comScore Amilia St. John on Father's Toddler Meltdown About Gaming | The Mary Sue
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Amilia St. John Has Some Words for Her Father’s Sexist “Toddler Meltdown” About Gaming and Tech

crying toddler

To catch you up, Alex St. John, one of the original pioneers of Microsoft’s DirectX platform and founder of WildTanget Software, wrote an opinion piece over on VentureBeat a few days back basically saying that anyone who expects a 40-hour work week in gaming (or even compensation for overtime) just has the wrong attitude—oh, and he made sure to point out women’s “victimology psychosis” on his website as people became understandably upset over his opinions.

Naturally, his daughter, Amilia St. John, a woman in tech herself—a front end developer at Energy Circle—who’s not too fond of her father, took issue with this. So, she wrote a great rebuttal to run down just how thoughtless he was being, made all the more perfect by the fact that she, too, took a non-traditional path to her career, but she appreciates the good fortune inherent in her success instead of using it as a way to feel superior to other people. Here’s a sample of the elder St. John’s opinions on women in tech (which, by the way, don’t stop at women and include plenty of racism and ableism, too):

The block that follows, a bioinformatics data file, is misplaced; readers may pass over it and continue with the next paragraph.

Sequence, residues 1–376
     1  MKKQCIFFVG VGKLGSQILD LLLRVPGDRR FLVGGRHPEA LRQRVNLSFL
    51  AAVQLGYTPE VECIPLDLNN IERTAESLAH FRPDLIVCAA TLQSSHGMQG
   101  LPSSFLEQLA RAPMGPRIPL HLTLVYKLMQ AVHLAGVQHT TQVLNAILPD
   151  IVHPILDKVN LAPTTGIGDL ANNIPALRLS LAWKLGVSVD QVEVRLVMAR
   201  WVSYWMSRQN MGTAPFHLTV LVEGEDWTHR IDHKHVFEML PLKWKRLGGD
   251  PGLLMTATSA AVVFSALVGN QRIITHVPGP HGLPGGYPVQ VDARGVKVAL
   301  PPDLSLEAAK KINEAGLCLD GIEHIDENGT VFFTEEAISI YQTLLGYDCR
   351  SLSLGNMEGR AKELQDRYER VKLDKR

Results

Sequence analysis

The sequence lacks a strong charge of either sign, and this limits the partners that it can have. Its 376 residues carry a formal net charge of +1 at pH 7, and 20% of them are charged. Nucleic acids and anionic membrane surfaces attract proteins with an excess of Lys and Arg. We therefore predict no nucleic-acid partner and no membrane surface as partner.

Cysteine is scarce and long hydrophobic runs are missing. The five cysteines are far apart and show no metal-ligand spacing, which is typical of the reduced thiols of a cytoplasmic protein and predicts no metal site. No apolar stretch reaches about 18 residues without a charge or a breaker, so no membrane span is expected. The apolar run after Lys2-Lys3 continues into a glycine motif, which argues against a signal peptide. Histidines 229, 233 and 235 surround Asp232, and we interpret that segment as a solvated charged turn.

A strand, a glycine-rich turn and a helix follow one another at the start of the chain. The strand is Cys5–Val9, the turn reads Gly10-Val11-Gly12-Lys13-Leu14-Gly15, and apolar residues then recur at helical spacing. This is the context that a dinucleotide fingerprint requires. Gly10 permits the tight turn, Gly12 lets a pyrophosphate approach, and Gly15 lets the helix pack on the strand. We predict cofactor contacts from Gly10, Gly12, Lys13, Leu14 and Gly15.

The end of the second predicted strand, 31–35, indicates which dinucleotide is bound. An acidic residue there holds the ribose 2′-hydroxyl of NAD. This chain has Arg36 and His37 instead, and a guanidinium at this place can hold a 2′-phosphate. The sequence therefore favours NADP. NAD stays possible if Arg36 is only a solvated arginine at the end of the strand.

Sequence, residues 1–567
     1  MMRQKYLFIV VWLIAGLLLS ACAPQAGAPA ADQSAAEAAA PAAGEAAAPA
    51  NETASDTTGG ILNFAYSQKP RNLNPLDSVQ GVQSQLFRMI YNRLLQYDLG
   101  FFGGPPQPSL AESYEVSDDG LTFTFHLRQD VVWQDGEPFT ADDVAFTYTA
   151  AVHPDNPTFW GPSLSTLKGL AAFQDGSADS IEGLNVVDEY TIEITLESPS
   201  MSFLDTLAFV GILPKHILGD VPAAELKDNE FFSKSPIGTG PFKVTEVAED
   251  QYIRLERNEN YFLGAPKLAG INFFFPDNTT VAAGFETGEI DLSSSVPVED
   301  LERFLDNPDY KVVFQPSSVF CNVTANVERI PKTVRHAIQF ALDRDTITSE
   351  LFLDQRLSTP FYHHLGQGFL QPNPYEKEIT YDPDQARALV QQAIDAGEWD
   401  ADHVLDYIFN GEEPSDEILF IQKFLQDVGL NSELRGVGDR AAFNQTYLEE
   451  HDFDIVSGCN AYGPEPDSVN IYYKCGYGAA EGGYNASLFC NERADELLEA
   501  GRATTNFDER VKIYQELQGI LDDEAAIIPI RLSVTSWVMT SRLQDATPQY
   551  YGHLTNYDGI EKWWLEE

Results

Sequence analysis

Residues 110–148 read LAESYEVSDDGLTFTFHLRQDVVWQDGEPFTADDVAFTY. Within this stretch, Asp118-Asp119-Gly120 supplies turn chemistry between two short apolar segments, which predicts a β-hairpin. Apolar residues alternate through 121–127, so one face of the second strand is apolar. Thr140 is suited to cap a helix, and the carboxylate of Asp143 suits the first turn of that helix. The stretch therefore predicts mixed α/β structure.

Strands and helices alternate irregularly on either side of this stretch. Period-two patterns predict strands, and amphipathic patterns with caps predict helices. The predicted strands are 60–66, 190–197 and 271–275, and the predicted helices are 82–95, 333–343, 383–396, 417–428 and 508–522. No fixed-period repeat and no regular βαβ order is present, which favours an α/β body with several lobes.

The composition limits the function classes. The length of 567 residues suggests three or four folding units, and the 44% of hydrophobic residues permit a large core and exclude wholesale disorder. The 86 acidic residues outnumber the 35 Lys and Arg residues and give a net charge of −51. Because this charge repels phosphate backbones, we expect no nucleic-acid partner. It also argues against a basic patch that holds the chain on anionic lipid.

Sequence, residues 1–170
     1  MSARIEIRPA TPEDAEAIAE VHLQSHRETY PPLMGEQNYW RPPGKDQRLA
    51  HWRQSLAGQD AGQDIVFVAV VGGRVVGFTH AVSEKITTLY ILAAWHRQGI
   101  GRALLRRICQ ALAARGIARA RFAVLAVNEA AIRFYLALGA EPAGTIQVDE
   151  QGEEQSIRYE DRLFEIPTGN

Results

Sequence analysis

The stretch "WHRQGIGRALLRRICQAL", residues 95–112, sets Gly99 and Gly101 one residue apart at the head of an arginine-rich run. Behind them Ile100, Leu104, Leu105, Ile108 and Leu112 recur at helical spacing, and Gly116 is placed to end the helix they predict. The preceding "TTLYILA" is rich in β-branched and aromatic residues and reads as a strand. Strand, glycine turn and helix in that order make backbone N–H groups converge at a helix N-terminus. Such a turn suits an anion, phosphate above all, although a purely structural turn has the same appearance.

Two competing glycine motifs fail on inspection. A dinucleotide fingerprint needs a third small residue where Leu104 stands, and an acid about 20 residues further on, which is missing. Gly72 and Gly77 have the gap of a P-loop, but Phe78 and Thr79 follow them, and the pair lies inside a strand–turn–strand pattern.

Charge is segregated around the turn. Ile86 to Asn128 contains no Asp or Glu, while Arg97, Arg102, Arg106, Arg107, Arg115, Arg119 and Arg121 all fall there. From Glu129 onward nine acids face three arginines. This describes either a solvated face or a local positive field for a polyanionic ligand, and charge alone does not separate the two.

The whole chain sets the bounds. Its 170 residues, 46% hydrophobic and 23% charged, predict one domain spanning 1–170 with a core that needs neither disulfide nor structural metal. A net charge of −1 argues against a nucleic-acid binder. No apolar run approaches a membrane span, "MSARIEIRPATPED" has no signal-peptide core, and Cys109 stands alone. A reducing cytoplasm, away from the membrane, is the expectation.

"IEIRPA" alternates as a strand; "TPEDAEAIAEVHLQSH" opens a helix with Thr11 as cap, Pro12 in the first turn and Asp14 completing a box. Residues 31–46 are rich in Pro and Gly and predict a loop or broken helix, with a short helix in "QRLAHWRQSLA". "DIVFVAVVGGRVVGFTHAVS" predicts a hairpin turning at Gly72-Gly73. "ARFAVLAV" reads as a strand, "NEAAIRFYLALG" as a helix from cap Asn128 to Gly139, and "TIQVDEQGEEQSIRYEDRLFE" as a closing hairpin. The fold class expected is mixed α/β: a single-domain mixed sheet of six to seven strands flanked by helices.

Any woman entering the tech industry has it made! Sadly the women we do get in high-tech who are raised in the US are often fatally compromised with victimology psychosis before they ever reach the work place (salt mine). The ones we get often fall short of their potential because they are so focused and concerned about their gender (shackles) that they often can’t conceive that there could be any other reason that they struggle at their jobs.

If you were raised to have a handy acceptable excuse for failing, such as “it’s because I’m a girl” and you accept it, then it becomes impossible for you to ever become great, because it’s always easier to blame others when you face hardship in your career. Even if it’s TRUE, even if discrimination is a factor in your environment, it’s a disastrous cycle to ALLOW yourself to embrace it.

Amelia, of course, rejects all of these “vile” assertions and points out something all too important (among lots of other great criticism): learning to develop a thick skin and work through (disproportionately unfair) adversity may well be valuable to a single person in the crappy world we live in, but it’s not going to ever solve diversity problems to make a better world as a whole. Sadly, I’m not entirely surprised that someone like Alex St. John would be unable to grasp the idea of a person choosing their actions not only for their own good, but for the greater good of society as a whole. Luckily, people like his daughter exist.

(image via Jaromir Chalabala on Shutterstock)

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